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Building the bypass—implications of improved access to sexual healthcare: evidence from surveys of patients attending contrasting genitourinary medicine clinics across England in 2004/2005 and 2009
  1. Catherine H Mercer1,
  2. Catherine R H Aicken1,
  3. Claudia S Estcourt2,3,
  4. Frances Keane4,
  5. Gary Brook5,
  6. Greta Rait6,
  7. Peter J White7,8,
  8. Jackie A Cassell1,9
  1. 1Centre for Sexual Health and HIV Research, Research Department of Infection and Population Health, University College London, Mortimer Market Centre, London, UK
  2. 2Centre for Infectious Disease: Sexual Health and HIV, Institute of Cell and Molecular Science, Barts and the London School of Medicine and Dentistry, Barts Sexual Health Centre, St Bartholomew's Hospital, London, UK
  3. 3Infection and Immunity, Barts and the London NHS Trust, London, UK
  4. 4Department of Genito-urinary Medicine, Royal Cornwall Hospitals NHS Trust, The Hub, Royal Cornwall Hospital (Treliske), Truro, Cornwall, UK
  5. 5Patrick Clements Clinic, Central Middlesex Hospital, North West London Hospitals NHS Trust, London, UK
  6. 6Research Department of Primary Care and Population Health, University College London, London, UK
  7. 7MRC Centre for Outbreak Analysis & Modelling, Department of Infectious Disease Epidemiology, Imperial College Faculty of Medicine, London, UK
  8. 8Modelling & Economics Unit, Health Protection Agency Centre for Infections, London, UK
  9. 9Brighton and Sussex Medical School, Mayfield House, University of Sussex, Falmer, Brighton, UK
  1. Correspondence to Dr Catherine H Mercer, Centre for Sexual Health and HIV Research, 3rd floor Mortimer Market Centre, off Capper Street, London WC1E 6JB, UK; c.mercer{at}ucl.ac.uk

Abstract

Objective The objective of this study was to examine changes in patient routes into genitourinary medicine (GUM) clinics since policy changes in England sought to improve access to sexual healthcare.

Methods Cross-sectional patient surveys at contrasting GUM clinics in England in 2004/2005 (seven clinics, 4600 patients) and 2009 (four clinics, 1504 patients). Patients completed a short pen-and-paper questionnaire that was then linked to an extract of their clinical data.

Results Symptoms remained the most common reason patients cited for attending GUM (46% in both surveys), yet the proportion of patients having sexually transmitted infection (STI) diagnosis/es declined between 2004/2005 and 2009: 38%–29% of men and 28%–17% of women. Patients in 2009 waited less time before seeking care: median 7 days (2004/2005) versus 3 days (2009), in line with shorter GUM waiting times (median 7 vs 0 days, respectively). Fewer GUM patients in 2009 first sought care elsewhere (23% vs 39% in 2004/2005), largely from general practice, extending their time to attending GUM by a median of 2 days in 2009 (vs 5 days in 2004/2005). Patients with symptoms in 2009 were less likely than patients in 2004/2005 to report sex since recognising a need to seek care, but this was still reported by 25% of men and 38% of women (vs 44% and 58%, respectively, in 2004/2005).

Conclusions Patient routes to GUM shortened between 2004/2005 and 2009. While GUM patients in 2009 were less likely overall to have STIs diagnosed, perhaps reflecting lower risk behaviour, there remains a substantial proportion of high-risk individuals requiring comprehensive care. Behavioural surveillance across all STI services is therefore essential to monitor and maximise their public health impact.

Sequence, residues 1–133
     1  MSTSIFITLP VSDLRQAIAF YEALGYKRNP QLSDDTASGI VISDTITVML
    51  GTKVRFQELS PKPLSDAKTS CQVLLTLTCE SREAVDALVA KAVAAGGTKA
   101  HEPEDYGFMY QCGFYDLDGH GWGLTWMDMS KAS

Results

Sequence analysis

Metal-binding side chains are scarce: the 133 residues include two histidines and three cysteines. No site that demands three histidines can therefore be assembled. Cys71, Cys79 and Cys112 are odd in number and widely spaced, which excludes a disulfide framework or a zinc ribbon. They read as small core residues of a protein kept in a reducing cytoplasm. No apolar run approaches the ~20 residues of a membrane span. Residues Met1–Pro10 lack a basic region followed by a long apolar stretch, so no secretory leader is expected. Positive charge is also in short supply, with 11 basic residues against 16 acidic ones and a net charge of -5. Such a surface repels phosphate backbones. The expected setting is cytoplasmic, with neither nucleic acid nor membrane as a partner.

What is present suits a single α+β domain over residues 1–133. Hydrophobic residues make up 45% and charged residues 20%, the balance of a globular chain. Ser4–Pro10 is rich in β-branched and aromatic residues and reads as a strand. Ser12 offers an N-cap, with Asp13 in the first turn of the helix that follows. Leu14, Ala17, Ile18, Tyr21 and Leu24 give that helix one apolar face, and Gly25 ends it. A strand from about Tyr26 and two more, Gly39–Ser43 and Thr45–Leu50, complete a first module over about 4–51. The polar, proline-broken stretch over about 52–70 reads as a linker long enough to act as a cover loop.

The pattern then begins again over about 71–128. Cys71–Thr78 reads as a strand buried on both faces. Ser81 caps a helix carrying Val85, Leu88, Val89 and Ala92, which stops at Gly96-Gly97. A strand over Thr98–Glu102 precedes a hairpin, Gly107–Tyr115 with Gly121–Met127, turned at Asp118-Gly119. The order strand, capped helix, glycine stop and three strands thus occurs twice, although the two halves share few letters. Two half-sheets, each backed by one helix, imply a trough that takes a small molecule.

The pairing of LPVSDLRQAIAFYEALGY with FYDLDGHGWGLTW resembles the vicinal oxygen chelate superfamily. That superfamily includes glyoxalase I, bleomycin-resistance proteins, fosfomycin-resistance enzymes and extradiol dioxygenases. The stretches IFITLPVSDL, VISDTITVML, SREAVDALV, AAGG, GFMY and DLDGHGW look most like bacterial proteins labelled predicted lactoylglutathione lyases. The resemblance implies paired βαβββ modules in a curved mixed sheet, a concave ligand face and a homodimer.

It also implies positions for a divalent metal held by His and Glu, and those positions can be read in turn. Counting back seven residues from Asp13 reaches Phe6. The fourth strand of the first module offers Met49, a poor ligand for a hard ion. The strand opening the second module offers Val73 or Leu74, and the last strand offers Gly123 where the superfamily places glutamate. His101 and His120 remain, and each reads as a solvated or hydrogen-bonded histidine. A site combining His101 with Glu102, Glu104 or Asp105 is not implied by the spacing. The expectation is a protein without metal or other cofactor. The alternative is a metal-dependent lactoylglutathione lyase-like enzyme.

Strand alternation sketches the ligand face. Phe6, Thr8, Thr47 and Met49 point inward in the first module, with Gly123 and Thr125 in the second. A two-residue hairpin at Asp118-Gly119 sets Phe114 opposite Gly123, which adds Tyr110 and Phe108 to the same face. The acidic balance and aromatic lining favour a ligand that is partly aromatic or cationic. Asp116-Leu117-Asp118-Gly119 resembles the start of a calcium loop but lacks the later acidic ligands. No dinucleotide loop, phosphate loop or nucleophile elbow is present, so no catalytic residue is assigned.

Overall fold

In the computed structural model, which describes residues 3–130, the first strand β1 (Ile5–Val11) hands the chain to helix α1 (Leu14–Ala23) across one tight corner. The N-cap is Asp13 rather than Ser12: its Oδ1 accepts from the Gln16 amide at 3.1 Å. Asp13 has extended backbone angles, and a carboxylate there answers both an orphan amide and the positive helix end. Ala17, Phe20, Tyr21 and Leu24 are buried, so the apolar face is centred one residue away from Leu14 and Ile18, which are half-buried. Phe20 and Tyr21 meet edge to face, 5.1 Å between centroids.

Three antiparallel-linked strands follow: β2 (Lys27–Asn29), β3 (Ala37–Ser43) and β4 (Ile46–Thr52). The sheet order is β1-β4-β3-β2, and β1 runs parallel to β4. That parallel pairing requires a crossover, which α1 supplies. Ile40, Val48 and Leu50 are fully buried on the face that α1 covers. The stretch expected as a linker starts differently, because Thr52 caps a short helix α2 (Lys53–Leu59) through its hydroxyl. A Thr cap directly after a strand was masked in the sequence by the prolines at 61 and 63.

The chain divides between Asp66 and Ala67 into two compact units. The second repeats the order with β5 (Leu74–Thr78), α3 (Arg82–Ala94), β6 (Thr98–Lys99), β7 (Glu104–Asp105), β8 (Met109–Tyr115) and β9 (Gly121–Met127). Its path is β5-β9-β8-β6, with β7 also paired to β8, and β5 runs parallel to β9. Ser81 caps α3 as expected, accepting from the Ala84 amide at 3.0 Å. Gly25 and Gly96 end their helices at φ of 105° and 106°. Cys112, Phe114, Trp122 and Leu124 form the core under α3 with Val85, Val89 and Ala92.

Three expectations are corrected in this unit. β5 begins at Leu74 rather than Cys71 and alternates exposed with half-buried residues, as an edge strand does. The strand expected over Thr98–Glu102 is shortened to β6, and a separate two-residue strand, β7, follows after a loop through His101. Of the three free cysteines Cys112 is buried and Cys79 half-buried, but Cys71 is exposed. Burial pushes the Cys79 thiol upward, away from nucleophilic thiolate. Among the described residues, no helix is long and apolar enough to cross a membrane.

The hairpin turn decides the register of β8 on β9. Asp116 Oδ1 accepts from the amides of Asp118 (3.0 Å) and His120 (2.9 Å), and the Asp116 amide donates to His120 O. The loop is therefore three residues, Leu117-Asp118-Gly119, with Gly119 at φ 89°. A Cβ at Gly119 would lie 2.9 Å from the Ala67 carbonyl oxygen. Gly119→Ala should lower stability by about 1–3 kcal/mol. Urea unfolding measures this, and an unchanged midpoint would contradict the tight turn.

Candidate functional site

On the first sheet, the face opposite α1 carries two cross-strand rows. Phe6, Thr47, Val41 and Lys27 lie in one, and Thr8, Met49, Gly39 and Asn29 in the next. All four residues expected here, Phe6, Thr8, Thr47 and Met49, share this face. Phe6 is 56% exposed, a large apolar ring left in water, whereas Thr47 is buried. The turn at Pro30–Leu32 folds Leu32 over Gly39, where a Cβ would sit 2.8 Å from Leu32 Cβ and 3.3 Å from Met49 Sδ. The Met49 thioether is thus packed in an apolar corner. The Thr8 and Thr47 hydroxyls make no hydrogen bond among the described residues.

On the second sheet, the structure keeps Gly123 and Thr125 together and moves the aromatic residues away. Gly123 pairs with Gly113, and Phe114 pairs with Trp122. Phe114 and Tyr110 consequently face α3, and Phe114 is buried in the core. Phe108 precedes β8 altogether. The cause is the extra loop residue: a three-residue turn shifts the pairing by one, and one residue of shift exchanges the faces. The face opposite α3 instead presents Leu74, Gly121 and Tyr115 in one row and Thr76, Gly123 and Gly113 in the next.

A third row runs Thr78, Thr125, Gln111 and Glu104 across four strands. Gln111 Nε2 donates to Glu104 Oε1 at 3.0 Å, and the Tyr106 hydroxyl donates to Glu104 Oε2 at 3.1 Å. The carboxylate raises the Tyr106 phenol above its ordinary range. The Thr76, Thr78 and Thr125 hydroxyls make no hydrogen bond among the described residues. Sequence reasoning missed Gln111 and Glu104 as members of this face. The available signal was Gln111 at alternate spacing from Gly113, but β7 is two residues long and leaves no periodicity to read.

• Genitourinary medicine services
  • primary care
  • general practice
  • service delivery
  • sexual behaviour
  • sexual practices
  • risk behaviours
  • heterosexuals
  • sexual health
  • adolescent
  • surveillance
  • sexual networks
  • public health
  • GUM services
  • service development
  • risk profiles
  • STD
  • STD clinic
  • hepatitis
  • information technology
  • primary care
  • screening

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Footnotes

  • Funding The 2004/2005 study (full title: ‘Effects of Delayed Access to Services, Variation in Service Provision, and Lack of Partner Notification Services on the Transmission of STIs: Quantification of Impact in the UK’, abbreviated to ‘Patient Access and the Transmission of Sexually-transmitted Infections’ (‘PATSI study’)) was funded by the UK Medical Research Council, with funding allocated from the Health Departments, under the aegis of the MRC/UK Health Departments Sexual Health and HIV Research Strategy Committee (grant number G0200565). The 2009 study (full title: ‘Public Health Outcomes, Costs and Cost-effectiveness of GUM and Primary Care Based STI Services: How to Maximise STI Control and Cost-effectiveness for a Population’, abbreviated to ‘Maximising STI Control’ in local patients (‘MSTIC study’)) was funded by the UK Medical Research Council via the MRC/DH Sexual Health and HIV Research Strategy Committee (grant number G0601685). The funding bodies had no role in the collection, analysis and interpretation of data; in the writing of the report; or in the decision to submit the paper for publication. The views expressed are those of the authors and not necessarily those of the MRC or the Health Departments.

  • Competing interests None.

  • Ethics approval The research protocol for the 2009 study was approved by the London Research Ethics Committee (number: 09/H0718/1), while ethical approval for the 2004/2005 study was obtained from the South West Multi-Centre Ethics Committee (number: MREC/04/6/02).

  • Provenance and peer review Not commissioned; externally peer reviewed.

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